Apples are the most consumed fruit in the U.S., followed closely by oranges. In 2019, the average U.S. per person consumption of all forms of apples had increased to about 26.3 pounds. The per person consumption of apple juice and cider decreased to 12.6 pounds. The consumption of fresh market apples in 2019 accounted for 10 pounds, according to USDA’s Economic Research Service.
Factors contributing to increased apple and apple product consumption include new varieties, rising incomes, production expansion in the U.S., a growing and more diverse population, products that better meet consumer lifestyles and increased awareness of including fruit in a healthy diet. As we celebrate National Apple Pie Day, we recognize some of the Land-grant Universities conducting apple research supported by USDA’s National Institute of Food and Agriculture (NIFA):
Specialty crop growers rely on manual labor for fruit picking, inspecting, data collecting and other labor-intensive tasks. Using computer vision technology and artificial intelligence, University of Minnesota researchers have developed a new set of tools that focuses on two tasks: counting apples in an orchard and measuring their diameter—both of which are key to assisting farmers in making decisions regarding labor needs and sales. Through the use of a start-up company, these new technologies can go directly from the lab to the farm.
Apples constitute about 25% of all fruit eaten in the U.S. A new platform housing data from over 100 apple varieties could shave years off the breeding process and enable data-driven assessments of how to boost the health benefits of America’s favorite fruit. Developed by a team of Ohio State University scientists, the platform combines the genetics behind specific traits and information on hundreds of chemical compounds – from sugars and acids to a host of antioxidants – in the fruit that help make apples a healthful food.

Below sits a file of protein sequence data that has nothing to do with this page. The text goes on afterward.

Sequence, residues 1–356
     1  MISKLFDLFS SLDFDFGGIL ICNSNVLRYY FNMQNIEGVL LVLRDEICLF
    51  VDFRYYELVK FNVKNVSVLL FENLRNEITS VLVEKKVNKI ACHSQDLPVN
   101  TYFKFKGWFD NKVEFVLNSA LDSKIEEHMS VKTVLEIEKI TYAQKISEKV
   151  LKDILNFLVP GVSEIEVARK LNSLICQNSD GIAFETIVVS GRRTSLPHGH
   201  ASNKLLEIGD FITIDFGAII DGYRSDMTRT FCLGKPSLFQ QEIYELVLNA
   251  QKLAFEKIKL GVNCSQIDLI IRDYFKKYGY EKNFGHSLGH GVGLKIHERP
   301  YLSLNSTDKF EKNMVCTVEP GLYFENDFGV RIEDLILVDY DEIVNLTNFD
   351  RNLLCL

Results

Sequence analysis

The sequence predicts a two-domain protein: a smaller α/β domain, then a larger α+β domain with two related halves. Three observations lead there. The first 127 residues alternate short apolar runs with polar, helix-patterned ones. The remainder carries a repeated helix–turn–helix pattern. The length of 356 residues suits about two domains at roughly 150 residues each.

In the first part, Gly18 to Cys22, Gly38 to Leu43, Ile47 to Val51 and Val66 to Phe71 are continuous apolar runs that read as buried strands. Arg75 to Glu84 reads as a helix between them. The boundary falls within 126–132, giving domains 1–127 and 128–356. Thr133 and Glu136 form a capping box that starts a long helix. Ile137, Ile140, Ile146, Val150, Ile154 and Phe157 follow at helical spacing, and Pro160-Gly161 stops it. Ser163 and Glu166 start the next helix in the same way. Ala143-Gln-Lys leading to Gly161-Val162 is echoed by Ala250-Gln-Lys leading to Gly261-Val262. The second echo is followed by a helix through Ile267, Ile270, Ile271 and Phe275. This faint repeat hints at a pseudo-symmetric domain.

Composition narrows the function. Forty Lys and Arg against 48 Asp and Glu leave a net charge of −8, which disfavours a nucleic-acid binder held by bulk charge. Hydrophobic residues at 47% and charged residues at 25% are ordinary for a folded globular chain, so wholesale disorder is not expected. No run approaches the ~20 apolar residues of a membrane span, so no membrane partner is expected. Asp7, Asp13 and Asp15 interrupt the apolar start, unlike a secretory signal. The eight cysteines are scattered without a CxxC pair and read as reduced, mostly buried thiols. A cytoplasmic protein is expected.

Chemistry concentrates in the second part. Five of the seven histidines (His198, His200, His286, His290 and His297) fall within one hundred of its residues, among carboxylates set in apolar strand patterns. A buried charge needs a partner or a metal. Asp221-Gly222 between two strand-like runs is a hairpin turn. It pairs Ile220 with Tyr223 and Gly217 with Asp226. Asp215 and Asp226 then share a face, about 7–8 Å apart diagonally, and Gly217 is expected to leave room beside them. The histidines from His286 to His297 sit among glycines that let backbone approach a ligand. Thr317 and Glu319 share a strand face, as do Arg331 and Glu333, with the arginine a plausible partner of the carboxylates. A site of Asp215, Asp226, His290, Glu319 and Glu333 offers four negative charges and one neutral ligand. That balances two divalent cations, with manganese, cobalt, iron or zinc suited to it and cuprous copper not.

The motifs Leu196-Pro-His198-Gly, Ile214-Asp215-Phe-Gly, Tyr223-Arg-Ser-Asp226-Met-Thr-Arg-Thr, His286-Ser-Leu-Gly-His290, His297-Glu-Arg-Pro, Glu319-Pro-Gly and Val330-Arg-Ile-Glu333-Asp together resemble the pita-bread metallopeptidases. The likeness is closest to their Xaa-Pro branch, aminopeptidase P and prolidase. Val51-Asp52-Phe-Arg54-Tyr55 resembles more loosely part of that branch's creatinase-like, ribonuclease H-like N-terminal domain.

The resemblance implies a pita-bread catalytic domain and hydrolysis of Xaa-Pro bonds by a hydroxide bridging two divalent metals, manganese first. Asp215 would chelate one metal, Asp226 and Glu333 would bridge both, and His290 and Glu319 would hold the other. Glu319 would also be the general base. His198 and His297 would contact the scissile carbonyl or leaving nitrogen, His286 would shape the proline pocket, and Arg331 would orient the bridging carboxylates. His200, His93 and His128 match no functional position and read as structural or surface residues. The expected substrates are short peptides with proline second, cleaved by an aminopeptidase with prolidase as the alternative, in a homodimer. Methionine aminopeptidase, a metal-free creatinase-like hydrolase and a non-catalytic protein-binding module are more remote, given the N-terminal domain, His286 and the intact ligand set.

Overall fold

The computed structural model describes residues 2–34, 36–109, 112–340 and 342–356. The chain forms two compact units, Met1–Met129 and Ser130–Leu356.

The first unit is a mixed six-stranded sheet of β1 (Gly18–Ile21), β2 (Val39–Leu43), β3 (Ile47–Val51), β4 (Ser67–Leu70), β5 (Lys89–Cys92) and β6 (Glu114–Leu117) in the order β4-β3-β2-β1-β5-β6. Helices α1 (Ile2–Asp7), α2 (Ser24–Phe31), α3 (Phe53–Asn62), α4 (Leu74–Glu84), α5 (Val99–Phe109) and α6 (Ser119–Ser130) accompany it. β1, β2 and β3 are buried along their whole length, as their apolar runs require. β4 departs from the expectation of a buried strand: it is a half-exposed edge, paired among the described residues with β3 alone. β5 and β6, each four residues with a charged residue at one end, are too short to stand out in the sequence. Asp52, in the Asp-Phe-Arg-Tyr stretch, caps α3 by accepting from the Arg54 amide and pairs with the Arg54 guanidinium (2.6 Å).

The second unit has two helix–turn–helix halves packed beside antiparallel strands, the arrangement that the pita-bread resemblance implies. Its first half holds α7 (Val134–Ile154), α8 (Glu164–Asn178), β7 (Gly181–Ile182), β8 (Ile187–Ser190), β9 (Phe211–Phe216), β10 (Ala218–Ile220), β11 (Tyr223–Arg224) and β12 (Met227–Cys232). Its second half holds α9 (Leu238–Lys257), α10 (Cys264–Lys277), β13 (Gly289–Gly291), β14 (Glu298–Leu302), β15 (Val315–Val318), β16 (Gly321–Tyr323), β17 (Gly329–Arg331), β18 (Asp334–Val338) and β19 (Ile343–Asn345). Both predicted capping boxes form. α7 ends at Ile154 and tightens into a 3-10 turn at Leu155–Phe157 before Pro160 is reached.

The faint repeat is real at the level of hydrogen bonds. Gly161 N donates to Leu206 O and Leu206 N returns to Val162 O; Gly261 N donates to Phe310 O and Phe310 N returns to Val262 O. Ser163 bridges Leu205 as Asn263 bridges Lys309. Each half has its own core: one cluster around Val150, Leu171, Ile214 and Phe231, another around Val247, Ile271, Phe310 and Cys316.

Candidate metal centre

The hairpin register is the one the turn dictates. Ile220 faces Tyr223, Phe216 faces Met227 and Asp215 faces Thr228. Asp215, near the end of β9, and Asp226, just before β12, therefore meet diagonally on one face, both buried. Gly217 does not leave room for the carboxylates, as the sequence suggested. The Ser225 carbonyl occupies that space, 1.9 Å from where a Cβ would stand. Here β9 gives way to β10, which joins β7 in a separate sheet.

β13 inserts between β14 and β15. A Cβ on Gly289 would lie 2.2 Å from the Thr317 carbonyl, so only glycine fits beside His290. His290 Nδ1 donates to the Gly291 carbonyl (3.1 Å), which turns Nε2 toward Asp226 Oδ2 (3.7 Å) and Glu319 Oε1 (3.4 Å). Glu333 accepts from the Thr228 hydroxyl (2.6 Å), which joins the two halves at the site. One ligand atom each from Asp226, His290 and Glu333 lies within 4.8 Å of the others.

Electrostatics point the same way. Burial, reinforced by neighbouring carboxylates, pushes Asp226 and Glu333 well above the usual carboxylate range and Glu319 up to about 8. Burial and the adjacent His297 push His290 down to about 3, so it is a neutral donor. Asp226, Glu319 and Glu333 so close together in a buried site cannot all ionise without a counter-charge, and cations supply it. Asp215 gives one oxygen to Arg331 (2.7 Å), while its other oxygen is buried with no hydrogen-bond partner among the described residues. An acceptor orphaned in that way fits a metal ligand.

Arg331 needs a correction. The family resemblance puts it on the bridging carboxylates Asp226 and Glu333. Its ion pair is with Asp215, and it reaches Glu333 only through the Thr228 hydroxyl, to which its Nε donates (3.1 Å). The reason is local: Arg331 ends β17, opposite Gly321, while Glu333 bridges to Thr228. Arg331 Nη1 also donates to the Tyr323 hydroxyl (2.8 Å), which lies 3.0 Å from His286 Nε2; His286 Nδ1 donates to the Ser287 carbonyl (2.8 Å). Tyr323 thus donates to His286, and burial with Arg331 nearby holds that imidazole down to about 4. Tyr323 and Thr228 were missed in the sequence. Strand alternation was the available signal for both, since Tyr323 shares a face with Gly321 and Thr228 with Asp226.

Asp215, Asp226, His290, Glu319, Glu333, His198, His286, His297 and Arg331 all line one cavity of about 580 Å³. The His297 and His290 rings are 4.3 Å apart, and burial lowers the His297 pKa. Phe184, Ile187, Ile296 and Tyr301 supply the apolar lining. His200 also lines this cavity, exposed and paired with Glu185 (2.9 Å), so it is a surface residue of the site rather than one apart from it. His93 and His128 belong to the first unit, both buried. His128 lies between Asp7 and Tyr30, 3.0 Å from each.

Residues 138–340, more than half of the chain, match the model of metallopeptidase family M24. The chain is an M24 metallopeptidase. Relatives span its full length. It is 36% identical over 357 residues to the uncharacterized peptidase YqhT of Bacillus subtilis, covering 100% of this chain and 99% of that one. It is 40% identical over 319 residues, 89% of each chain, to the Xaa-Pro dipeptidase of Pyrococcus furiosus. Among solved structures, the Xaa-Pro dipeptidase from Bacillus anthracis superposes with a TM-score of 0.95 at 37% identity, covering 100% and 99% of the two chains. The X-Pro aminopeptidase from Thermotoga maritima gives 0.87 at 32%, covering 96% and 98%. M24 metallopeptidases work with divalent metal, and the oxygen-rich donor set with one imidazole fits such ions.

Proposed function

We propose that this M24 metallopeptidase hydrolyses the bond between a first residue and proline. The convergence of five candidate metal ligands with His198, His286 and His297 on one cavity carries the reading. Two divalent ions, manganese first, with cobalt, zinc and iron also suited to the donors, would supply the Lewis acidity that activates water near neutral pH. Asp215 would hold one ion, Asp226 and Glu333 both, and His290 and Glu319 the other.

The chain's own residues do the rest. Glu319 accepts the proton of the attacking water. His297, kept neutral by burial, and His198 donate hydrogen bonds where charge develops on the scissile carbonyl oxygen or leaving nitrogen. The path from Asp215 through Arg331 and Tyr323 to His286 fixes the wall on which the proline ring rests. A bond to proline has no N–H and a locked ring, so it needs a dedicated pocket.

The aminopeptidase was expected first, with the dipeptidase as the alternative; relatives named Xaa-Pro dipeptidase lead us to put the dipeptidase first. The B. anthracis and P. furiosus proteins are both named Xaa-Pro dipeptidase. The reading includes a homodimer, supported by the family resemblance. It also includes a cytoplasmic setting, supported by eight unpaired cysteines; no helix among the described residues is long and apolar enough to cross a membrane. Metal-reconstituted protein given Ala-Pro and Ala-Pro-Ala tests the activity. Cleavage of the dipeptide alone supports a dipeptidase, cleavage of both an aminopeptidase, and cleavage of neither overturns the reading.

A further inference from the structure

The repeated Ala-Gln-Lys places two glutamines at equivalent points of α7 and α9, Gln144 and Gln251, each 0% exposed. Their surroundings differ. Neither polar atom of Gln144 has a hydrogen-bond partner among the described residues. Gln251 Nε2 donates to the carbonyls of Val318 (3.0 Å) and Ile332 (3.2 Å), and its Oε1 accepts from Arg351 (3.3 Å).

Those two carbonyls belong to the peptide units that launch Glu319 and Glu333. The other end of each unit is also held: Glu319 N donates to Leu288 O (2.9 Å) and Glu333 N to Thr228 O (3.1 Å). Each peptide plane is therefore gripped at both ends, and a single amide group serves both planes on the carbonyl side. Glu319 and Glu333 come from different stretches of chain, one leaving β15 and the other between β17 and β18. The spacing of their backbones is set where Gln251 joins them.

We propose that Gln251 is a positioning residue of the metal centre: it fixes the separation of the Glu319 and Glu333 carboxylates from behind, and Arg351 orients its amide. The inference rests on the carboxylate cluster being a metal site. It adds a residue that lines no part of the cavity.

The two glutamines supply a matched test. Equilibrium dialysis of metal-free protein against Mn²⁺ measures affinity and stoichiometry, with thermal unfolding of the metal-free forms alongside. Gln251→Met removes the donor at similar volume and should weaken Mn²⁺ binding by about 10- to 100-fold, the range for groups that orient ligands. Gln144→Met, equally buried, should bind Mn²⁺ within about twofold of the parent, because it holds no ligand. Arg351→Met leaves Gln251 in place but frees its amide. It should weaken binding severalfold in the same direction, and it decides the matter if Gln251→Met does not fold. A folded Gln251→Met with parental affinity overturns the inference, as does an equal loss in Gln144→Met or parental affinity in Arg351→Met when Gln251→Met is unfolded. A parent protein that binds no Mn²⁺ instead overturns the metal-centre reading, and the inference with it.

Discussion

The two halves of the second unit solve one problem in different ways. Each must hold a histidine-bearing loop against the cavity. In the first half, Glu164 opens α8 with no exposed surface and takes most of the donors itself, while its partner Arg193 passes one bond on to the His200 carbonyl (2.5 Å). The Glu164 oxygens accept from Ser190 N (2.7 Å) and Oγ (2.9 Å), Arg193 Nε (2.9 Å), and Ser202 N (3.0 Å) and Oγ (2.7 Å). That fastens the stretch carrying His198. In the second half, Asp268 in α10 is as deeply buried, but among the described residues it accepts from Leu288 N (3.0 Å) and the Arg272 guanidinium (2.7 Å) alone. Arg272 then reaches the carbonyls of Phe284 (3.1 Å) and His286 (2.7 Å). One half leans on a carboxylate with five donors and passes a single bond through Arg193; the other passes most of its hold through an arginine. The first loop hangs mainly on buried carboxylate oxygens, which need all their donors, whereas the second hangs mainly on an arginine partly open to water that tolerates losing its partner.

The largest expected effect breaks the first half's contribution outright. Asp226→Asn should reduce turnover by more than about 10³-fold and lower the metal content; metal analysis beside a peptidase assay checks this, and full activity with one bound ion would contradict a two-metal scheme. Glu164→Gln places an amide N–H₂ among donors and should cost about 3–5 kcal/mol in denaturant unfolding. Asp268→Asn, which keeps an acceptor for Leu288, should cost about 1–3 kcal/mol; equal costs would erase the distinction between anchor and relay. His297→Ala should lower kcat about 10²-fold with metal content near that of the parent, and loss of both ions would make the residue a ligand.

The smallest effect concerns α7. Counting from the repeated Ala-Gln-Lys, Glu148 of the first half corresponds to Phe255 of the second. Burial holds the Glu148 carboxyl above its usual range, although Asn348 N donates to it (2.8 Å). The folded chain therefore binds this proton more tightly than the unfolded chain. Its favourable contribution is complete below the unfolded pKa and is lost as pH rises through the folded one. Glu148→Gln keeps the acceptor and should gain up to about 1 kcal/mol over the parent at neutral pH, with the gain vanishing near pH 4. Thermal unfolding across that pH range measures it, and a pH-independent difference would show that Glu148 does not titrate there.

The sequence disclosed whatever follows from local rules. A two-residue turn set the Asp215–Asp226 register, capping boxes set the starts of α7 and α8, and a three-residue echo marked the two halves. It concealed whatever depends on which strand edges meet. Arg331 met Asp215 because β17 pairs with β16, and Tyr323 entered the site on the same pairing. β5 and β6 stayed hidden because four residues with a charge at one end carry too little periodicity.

By showing relationships between genetics and compounds in apple fruits known as phytochemicals, the platform has potential to take some of the guesswork, and time, out of the breeding process. It typically takes about seven years to get from mating parent varieties to the first taste test of a new kind of apple, and it could take decades to create a completely new cultivar. Additionally, complementary research on phytochemicals that may provide health benefits could give researchers a head start on studies to confirm which compounds offer the best chance to develop a more nutritious apple.
Although multiple interventions are used to reduce potential pathogens on the apple surface, there is limited information available regarding their true efficacy when performed under conditions that are common in commercial pack houses. The bacterium Listeria monocytogenes is known for contaminating produce because it can survive in many different environments. L. monocytogenes is particularly important for fresh apples, where recent outbreaks have resulted in recalls and multiple hospitalizations.
Scientists at Washington State University evaluated multiple antimicrobial sanitizers that were dispensed on apple packing lines using a spray bar set-up that is common in the industry. Sanitizers that used peroxyacetic acid-based (PAA) formulations could achieve an approximate 100-fold reduction in L. monocytogenes bacteria when they were used at an elevated temperature and under concentrations/contact times that are industry-relevant. The ability of PAA to effectively combat L. monocytogenes was further validated in both the pilot model and in multiple commercial packing lines. Because L. monocytogenes is very difficult to eliminate once established, these data provide valuable parameters for baseline sanitation efficacy, which may allow further discovery and use of alternative methods for combating foodborne pathogens.